When it comes to The Residents, one should expect the unexpected. When they released a greatest hits (sic) collection (1997′s Our Tired, Our Poor, Our Huddled Masses), the group put all the songs in reverse-chronological order. The liner notes of this collection from 1992 celebrate the group’s “twenty long years of painful regurgitation.” The sixteen tracks recombine elements from The Residents’ vast catalog, proving that their mutated approach to song construction can provide endless — and endlessly fascinating — variation. Perhaps unsurprisingly, Our Finest Flowers‘ new pieces draw greatly upon material from Commercial Album, a disc full of intentionally underdeveloped musical ideas. All of these tunes feature the southern drawl vocal delivery of the Resident Known Only As Randy, with synthesizers (samplers, analog synths, drum machines) providing the musical accompaniment, textures and sound effects. By Residential standards, this is fairly accessible material overall, though much of the music is nightmarish in tone.

The Residents – Marching to the See!

Another commemorative project of sorts, March to the See! documents The Residents’ “The Wonder of Weird” 40th Anniversary Tour. Starring Residents Randy (“singer for The Residents”), Chuck (“he writes all of the music”) and Bob (guitar), the album is a recording of their May 20, 2013 performance in Amsterdam. Howling electric guitar – a musical element not often found on Residents albums – is a prominent part of the sonic landscape on this set. Chuck’s hypnotic synthesizer lines provide more musical texture, and our pal Randy works the crowd like some bizarro-world cross between rock star and carnival barker. The music –  Marching to the See! is mostly about music, not story lines and narratives – is sweeping and cinematic, and a bit less creepy than most Residents albums. Note: there’s a 2CD version, The Wonder of Weird, that documents the complete concert, rather than just the highlights found here.)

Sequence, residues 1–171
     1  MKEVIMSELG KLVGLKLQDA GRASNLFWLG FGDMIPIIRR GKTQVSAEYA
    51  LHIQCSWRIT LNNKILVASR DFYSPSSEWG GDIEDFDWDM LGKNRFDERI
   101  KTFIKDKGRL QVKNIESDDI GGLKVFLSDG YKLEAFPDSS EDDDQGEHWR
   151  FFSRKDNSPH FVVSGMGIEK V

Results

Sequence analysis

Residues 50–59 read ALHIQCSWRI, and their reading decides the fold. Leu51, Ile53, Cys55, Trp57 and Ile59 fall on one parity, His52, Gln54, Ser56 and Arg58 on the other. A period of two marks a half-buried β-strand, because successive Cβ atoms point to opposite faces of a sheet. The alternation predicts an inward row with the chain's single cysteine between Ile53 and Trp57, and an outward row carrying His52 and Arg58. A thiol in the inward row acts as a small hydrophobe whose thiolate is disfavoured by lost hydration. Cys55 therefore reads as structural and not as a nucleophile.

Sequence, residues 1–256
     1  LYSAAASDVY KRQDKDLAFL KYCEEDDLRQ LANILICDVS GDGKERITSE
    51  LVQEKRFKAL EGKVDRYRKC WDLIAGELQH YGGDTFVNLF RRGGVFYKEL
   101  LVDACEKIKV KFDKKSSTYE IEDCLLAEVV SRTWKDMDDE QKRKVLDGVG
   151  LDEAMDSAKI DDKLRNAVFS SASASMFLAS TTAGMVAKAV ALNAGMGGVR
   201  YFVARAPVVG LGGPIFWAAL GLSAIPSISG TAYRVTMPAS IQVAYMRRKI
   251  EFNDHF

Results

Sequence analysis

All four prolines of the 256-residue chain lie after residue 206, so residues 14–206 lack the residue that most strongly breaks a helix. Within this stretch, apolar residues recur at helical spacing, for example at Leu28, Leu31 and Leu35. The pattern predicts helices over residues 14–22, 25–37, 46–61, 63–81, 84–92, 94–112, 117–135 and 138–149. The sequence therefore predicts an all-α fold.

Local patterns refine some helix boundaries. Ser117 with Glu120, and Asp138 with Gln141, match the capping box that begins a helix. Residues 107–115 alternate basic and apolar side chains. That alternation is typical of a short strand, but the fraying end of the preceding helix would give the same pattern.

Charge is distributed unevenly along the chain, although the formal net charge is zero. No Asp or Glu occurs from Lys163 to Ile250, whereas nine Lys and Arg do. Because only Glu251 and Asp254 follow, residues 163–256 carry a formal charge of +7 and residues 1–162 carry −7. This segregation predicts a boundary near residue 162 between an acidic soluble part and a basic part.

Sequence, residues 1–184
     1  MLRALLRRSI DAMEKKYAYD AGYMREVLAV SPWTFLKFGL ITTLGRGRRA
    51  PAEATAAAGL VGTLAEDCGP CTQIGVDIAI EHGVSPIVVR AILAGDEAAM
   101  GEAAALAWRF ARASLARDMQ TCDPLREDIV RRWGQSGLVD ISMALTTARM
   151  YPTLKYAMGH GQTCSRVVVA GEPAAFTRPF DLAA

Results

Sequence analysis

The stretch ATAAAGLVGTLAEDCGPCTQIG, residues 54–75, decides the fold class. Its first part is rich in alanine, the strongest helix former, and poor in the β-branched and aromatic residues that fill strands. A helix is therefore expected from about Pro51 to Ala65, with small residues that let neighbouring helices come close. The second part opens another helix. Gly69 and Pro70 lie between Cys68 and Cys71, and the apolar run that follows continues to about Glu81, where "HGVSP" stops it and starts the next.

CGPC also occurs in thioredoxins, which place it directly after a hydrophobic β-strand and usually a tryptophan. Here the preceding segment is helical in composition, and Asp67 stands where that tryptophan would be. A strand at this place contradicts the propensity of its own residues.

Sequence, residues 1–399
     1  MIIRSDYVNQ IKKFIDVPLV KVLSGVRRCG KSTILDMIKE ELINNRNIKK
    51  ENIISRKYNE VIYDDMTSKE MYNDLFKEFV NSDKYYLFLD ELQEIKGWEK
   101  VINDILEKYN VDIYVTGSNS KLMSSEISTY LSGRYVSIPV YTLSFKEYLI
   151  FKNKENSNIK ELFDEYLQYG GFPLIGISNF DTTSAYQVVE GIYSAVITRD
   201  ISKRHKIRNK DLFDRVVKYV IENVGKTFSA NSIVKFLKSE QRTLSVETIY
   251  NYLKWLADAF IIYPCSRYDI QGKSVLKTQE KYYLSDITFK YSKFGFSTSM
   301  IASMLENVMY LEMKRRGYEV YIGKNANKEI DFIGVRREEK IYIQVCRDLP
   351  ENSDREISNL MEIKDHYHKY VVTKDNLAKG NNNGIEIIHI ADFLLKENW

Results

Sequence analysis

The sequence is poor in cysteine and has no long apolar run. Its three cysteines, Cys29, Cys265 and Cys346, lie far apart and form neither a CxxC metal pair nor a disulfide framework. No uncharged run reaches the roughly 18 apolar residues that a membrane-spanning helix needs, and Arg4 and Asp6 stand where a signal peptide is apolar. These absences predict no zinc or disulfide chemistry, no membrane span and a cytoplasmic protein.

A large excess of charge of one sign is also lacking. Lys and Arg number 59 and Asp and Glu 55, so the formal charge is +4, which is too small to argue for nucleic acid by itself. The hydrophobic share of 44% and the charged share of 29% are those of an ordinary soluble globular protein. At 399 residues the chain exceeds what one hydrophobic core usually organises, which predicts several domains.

The Residents – Shadowland

Subtitled “Part 3 of the Residents’ Randy, Chuck and Bob Trilogy,” Shadowland is musically very much of a piece with Marching to the See! A document of the tour of the same name, the live Shadowland features the loops, synths, textures and avant-metal guitar sounds that characterize the current (mid-2010′s) Residents. The group’s recurring Timmy character makes an appearance in the Shadowland storyline, but listeners more attuned to the aural weirdness of The Residents can safely ignore what Randy’s singing/talking about and just revel in the spooky sound ambience. “Herman the Human Mole” could well be an outtake from 2006′s The River of Crime; with the Residents, you never know if something is new, old, recycled, or somehow all of the above. All you know is that it never sounds like anyone except The Residents. (At press time, a Shadowland performance was scheduled for midnight, August 7 in Katowice, Poland.)